This website bases its knowledge on the experience of Doug English and his team using turmeric powder. We know it is successful and safe to use with animals. There are no studies about the safety of using 95% curcumin extracts with animals.

Doug English (Vet):  “Digestion and intestinal health are improved by black pepper. Hydrochloric acid is necessary for digesting proteins and other food components.

Most digestive difficulties are the result of a lack of hydrochloric acid rather than too much. Black pepper stimulates the taste buds and alerts the stomach to increase hydrochloric acid secretion, improving digestion.

Without adequate amounts, undigested food can sit in the stomach for prolonged periods, leading to heartburn and indigestion. Undigested food may also pass into the intestines where it can become a food source for unfriendly bacteria, producing gas, irritation, diarrhea or constipation.

Black pepper can act as a diuretic, reducing bloating in the intestinal tract where it promotes digestive health through its antioxidant effects. The outer layer of the peppercorn can even stimulate the breakdown of fat cells, releasing energy and keeping you slim.

Trial  it – with and without.

Also, combining turmeric and cardamom would be worth trying.”

Footnote by Jill Moore; The volatile oils of Cardamom have anti inflammatory and anti spasmodic actions, which work together to improve digestion. Cardamom partners well with Turmeric – but is NOT a substitute for Peppercorns (Piperine).

Time varies on how long the cat pee smells emanates from the skin. It should be over after a couple of weeks but some people report the ‘pong’ going on for a month … or two … You can add a little cinnamon to the turmeric mix to alleviate the smell coming from the skin.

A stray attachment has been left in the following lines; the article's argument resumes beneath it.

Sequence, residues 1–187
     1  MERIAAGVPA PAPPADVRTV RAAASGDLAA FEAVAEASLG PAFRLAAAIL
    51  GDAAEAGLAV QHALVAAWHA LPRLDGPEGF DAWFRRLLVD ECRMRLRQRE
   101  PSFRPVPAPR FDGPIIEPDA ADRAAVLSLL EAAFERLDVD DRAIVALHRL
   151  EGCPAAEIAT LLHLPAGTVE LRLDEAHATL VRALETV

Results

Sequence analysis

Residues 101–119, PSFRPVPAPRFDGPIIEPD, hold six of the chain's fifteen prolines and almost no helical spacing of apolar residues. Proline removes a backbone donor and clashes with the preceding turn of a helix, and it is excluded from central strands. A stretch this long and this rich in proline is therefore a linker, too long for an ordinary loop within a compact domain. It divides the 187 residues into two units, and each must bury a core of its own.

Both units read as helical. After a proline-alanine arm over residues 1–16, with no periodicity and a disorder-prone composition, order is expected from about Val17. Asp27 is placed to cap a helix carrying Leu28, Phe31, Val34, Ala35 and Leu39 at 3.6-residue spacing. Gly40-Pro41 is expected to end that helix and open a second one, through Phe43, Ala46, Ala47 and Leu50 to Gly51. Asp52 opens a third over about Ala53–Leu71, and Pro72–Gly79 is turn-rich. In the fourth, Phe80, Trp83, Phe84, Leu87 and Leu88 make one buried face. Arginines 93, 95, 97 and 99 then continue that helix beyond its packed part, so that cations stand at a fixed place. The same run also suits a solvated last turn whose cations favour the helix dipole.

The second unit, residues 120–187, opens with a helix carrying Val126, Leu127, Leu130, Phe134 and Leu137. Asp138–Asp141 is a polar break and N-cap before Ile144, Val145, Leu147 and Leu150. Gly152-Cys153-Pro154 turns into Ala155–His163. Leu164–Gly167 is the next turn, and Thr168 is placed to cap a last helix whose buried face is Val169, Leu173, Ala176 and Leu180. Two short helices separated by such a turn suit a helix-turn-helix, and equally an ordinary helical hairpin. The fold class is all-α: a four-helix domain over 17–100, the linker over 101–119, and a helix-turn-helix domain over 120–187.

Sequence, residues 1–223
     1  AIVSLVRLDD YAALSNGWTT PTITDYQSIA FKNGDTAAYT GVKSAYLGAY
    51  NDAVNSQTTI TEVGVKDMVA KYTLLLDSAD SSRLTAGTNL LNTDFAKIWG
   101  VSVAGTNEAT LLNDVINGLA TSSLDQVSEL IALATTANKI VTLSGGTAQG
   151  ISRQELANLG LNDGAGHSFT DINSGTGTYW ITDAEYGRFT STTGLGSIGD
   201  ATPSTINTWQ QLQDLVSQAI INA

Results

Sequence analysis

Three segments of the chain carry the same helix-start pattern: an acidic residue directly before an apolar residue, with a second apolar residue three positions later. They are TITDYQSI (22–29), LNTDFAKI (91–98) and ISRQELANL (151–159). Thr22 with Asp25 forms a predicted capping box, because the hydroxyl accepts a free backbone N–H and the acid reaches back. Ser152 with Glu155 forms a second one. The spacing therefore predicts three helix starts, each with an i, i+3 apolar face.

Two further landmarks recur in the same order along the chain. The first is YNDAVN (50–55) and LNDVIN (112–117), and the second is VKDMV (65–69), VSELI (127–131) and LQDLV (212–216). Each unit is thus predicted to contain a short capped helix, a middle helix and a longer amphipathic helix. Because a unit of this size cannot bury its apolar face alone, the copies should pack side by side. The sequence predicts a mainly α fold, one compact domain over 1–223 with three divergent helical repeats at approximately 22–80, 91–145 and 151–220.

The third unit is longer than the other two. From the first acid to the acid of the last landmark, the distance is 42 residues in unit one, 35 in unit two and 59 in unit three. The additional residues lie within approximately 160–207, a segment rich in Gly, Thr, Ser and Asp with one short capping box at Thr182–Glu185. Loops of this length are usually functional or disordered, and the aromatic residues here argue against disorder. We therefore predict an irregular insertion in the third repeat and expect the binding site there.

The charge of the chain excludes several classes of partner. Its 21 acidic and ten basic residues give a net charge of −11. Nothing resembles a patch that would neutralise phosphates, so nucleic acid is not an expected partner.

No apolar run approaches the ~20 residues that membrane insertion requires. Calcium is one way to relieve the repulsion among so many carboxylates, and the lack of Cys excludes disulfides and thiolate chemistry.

Make sure you source some Ceylon Cinnamon (Cassia Cinnamon is the most commonly sold – it is higher in coumarin which can cause allergies and other side effects).

Click HERE to learn more about possible toxicity issues with your pets.

Great tip from Aileen Shackell “I use 2/3 of a 33g pack of organic ceylon cinnamon to 2 cups turmeric powder when making the paste, approximately, though it’s not an exact science. Add enough to make it smell definitely of cinnamon anyway.”

Trickle a small amount of turmeric onto the top of a glass of cold water. DO NOT STIR. Leave it for 10 minutes and let it settle. Turmeric with nothing added to it will have a yellow tinge to the water but still be fairly clear, and some turmeric will be on the bottom of the glass, some still floating on top. (This is because turmeric is not water soluble.) If your glass of water looks murky, then that indicates your turmeric has additives which might be dye and flour.

Here’s an example of some different results (Photo courtesy of Karen Preece)

turmeric-in-water-by-Karen-Preece-300x225

Image by Karen Preece

 

turmeric-in-water2-by-Karen-Preece-300x225

Image by Karen Preece

So … the ‘water test’ is NOT an indication of good quality but it is an indication of additives.

If you want to know if your turmeric contains curcumin, the best way is to ask at the point of sale. The retailer can ask their supplier. Organic turmeric will have its curcumin intact as it may not, by law, be tampered with and still call itself organic.

Our LIST of recommended Turmeric Suppliers can be found on this page >> Where to Buy Turmeric Powder

By Judith Jenness on Saturday, June 20, 2015 at 2:26pm

Worried about the calories in the golden paste? I’ve fielded a couple questions of late with concerns that the fat in the GP could be a problem for weight loss/gain or intolerance of fats.

Here’s the good news…by my calculations , 1 teaspoon of the golden paste has less than 10 calories , all from the oil you use. (I used coconut oil for my calculations…olive oil has 2 calories more/T than coconut.)

So if you are taking a moderate amount of the golden paste per day, or giving a moderate amount of it to your animals…you are probably ok.

Let me break it down:

1T coconut oil = 117 calories.

One recipe of GP requires 1/3 cup or 5.3 T which equals 620 calories.

1 T=3 tsp

One recipe of GP usually ends up making approximately 1.5 cups= 12 oz = 24 T = 72 tsp. 620 calories / 72 tsp =8.6 calories per teaspoon of the wonderful golden paste.